Change Work January 2016

The ties that bind

In the UK, much is being written and said about MPs' loyalty to their party leader and where their apparent lack of it will lead. Is loyalty more important than anything else, crucial to the success of political parties and the ultimate badge of character for their senior members? If not, how far should they be expected to be pushed by it?

These questions aren't confined to political groupings. They arise in all forms of human relationships, for example:
  • Friendships
  • Community
  • Teams - sporting or at work
  • Employee-employer
  • Customer-brand
to name a few.

Loyalty's expression can range from a trivial decision about where to do your shopping right up to (in relation to friends in peril or to country) the ultimate self-sacrifice.

In general, how does loyalty manifest itself in our behaviours, and why do we have it at all? How are we influenced to display loyalty?

Robert Cialdini identified 6 principles of influence:
  1. Reciprocity ? People tend to return a favour
  2. Commitment and Consistency ? If people commit publicly to an idea or goal, it becomes part of their self-image so they are likely to honour the commitment
  3. Social Proof ? People will do things that they see other people are doing
  4. Authority ? People will tend to obey authority figures, even going against their own preferences or beliefs
  5. Liking ? People are easily persuaded by other people that they like
  6. Scarcity ? Perceived scarcity will generate demand
It seems to me that all of these, with the exception of "scarcity", result in behaviours that we could call "loyalty".

As Cialdini shows through many examples, people can be influenced to do the most remarkable things when subjected to one of his principles so they are certainly powerful enough to account for even the most extreme expressions of loyalty.

I wonder if there's also a connection with the evolution of altruism that Richard Dawkins has written about. The problem here is to explain how we evolved our concern for others if evolution is driven by "the selfish gene". At first sight, we should only be concerned with preserving our individual bodies and the particular genes we carry. Dawkins explains how you would expect altruistic behaviour towards close kin to evolve because they share many of our genes. And indeed we seem to be most strongly driven to care about, and to be loyal to, our immediate families.

But that loyalty can be extended to non-family. The Commitment and Consistency principle shows how we adhere to new allegiances very strongly once we have made them openly. This can be done deliberately, as in joining a club, or inadvertently when we commit to a small thing and then find we feel obliged to comply when subsequently asked to do a much bigger thing. (Cialdini give examples of this behaviour from his research.)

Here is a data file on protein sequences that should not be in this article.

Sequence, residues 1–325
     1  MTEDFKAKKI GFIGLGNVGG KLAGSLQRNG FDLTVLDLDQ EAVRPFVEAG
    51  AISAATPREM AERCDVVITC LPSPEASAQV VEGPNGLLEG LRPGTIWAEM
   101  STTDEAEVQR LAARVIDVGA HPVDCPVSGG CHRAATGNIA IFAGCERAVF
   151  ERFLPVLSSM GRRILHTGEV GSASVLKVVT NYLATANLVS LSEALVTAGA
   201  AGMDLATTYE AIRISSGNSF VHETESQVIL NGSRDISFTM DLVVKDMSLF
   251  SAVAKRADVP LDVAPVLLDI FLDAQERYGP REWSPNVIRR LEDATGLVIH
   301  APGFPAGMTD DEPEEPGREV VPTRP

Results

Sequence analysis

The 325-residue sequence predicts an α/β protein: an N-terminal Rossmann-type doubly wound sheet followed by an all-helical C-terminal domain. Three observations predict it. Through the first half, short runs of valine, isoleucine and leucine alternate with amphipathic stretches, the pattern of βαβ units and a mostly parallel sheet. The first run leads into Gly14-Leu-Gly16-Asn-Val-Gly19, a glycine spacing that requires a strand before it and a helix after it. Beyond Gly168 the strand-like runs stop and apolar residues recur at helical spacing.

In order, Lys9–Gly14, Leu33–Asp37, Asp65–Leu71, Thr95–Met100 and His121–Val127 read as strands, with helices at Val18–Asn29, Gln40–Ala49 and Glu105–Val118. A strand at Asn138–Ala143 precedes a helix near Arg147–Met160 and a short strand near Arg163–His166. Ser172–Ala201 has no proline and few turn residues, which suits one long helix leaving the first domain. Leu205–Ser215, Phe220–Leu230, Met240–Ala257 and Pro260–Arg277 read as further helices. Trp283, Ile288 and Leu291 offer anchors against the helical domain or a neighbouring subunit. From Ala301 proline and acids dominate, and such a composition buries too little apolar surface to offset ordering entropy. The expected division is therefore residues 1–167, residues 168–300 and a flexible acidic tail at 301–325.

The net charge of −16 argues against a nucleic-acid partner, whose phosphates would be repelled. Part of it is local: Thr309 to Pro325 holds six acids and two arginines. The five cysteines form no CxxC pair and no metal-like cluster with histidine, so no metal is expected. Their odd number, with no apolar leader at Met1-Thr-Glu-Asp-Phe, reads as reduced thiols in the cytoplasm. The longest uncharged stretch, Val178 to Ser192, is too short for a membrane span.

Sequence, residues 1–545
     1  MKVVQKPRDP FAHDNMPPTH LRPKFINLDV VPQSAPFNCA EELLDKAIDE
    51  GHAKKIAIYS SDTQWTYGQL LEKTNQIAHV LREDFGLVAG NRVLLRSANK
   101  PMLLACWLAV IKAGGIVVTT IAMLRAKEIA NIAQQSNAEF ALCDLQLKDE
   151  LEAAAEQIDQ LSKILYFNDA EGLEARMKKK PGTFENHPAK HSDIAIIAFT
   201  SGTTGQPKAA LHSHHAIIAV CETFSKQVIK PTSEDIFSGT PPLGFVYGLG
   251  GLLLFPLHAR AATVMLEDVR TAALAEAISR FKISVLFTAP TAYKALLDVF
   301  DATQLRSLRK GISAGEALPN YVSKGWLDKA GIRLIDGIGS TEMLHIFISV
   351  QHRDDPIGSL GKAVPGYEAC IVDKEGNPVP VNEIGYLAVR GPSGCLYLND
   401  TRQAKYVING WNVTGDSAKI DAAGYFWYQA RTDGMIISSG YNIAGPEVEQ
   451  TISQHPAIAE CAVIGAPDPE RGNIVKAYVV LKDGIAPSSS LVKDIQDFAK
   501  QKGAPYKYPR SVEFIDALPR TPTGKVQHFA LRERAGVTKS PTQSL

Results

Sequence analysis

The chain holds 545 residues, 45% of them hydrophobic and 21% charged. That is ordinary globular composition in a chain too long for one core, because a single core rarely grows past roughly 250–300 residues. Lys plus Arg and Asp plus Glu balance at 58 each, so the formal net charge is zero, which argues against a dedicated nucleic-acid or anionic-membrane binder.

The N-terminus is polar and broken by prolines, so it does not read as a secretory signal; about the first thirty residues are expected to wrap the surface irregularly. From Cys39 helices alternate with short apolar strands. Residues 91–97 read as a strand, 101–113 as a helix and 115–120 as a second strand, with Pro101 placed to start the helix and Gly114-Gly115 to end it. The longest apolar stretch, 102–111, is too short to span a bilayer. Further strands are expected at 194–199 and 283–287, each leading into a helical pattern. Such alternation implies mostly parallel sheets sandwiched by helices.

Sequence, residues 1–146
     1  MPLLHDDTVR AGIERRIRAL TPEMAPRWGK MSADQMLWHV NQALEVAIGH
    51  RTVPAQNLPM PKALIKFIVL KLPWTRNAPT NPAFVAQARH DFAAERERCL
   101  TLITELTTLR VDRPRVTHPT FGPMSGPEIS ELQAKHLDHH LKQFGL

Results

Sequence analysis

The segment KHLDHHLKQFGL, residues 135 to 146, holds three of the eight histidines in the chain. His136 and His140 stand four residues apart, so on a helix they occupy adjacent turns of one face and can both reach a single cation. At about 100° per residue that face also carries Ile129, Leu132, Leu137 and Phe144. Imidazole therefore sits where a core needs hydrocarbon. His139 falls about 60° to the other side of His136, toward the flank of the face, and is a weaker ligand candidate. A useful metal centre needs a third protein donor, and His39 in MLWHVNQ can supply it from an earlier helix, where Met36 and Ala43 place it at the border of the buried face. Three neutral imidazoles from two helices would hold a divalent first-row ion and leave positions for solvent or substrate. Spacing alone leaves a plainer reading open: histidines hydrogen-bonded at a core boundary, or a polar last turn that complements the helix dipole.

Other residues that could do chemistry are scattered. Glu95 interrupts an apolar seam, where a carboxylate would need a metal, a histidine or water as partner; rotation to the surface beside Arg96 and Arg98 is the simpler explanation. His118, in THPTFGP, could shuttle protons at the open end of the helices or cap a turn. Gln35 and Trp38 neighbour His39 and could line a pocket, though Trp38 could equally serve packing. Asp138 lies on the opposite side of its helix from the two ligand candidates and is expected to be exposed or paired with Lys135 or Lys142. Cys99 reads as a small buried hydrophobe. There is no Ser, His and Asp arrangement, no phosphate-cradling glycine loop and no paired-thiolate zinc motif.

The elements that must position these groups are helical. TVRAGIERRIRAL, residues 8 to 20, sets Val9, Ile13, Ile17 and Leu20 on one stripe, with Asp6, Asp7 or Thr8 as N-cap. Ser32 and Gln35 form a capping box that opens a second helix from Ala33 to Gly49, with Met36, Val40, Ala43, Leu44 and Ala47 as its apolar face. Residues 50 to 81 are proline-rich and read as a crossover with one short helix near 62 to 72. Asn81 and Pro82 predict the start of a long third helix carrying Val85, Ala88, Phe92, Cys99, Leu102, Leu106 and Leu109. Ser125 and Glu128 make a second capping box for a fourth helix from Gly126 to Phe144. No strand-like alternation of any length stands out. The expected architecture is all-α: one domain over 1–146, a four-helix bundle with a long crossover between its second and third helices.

Reciprocity, returning a favour, is a form of loyalty that can persist after the initial exchange. It does imply though that loyalty has to be two-way. The supermarket customer card purports to be all about rewarding your continuing patronage by giving you special offers and discounts. Of course, the retailer gets a lot more out of it than just your future custom; they also get a lot of information about your buying habits and other preferences that they can use to maximise your value to them.

Does loyalty have any limits? How much pain are you obliged to take for someone else? Your loyalty to a friend might well conflict with the obligations you owe to the wider community, such as being asked to cover up for someone who's broken the law. And should you be loyal to your community or team even when you disagree with the majority view - "my country right or wrong"? Such conflicts can be extremely troubling and might lead to the end of a relationship.

So we're forced to remain loyal, even at great cost to ourselves, by several considerations:
  • Self-image, or sense of identity, compels us to be consistent
  • We feel we owe something to the other party and are uncomfortable with that obligation
  • We don't want to jeopardise our relationship
All of this applies to others' loyalty to you, and you can choose to reciprocate or to exploit it. If the latter, then you can probably expect their loyalty to persist long after you cease to deserve it, although it will eventually fade. So maybe the development of loyal behaviour has a lot to do with self-interest and what you get in return - in addition to what your genes get.

So, are the political leader's relationships more important than his goals? Professional politicians have to play the game. The value of their relationships are judged on the advantages they bring so there doesn't seem to be much room for loyalty, except that based on common interest. I don't know whether politicians are as loyal as anyone else in other (private) areas of their lives, so another fascinating question arises:

Do individuals choose to go into politics based on a lower than average "loyalty quotient", or do they have to learn how to do treachery?